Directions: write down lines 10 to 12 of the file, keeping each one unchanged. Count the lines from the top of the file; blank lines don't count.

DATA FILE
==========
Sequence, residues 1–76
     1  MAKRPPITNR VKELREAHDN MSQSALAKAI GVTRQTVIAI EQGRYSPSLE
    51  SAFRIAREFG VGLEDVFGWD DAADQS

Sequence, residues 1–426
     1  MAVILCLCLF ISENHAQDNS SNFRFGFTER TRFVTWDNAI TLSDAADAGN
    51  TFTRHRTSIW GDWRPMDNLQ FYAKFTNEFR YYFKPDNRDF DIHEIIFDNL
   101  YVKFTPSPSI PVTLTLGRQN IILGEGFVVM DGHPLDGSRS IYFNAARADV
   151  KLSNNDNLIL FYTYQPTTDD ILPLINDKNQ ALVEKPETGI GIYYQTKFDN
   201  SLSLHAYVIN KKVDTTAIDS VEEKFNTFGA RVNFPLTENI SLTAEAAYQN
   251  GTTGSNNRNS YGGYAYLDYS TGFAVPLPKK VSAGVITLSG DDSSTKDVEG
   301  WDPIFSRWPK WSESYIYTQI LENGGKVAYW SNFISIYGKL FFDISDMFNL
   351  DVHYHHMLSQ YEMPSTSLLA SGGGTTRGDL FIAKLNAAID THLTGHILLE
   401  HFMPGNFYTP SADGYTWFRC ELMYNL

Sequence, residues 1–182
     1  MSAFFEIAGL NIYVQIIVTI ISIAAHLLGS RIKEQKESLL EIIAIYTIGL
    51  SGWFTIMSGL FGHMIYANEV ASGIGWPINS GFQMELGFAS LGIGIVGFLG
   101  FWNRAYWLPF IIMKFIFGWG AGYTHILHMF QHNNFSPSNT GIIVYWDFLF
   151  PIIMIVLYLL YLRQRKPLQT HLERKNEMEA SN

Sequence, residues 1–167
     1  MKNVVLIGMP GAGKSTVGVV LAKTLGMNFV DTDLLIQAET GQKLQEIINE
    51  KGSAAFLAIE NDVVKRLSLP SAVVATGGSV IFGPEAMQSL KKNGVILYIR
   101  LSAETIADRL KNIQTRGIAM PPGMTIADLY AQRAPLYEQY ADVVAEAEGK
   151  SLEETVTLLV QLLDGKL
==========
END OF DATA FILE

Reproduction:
   251  GTTGSNNRNS YGGYAYLDYS TGFAVPLPKK VSAGVITLSG DDSSTKDVEG
   301  WDPIFSRWPK WSESYIYTQI LENGGKVAYW SNFISIYGKL FFDISDMFNL
   351  DVHYHHMLSQ YEMPSTSLLA SGGGTTRGDL FIAKLNAAID THLTGHILLE